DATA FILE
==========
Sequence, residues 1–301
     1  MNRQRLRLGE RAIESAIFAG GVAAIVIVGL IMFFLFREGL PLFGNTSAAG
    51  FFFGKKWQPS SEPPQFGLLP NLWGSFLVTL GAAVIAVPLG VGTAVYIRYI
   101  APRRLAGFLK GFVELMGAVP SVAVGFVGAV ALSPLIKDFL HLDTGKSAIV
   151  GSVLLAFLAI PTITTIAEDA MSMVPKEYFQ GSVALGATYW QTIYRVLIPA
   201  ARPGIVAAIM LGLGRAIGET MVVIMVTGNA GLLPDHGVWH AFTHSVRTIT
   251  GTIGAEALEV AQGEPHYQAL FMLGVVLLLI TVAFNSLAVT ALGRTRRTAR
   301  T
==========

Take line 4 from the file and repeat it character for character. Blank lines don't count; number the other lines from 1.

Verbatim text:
   101  APRRLAGFLK GFVELMGAVP SVAVGFVGAV ALSPLIKDFL HLDTGKSAIV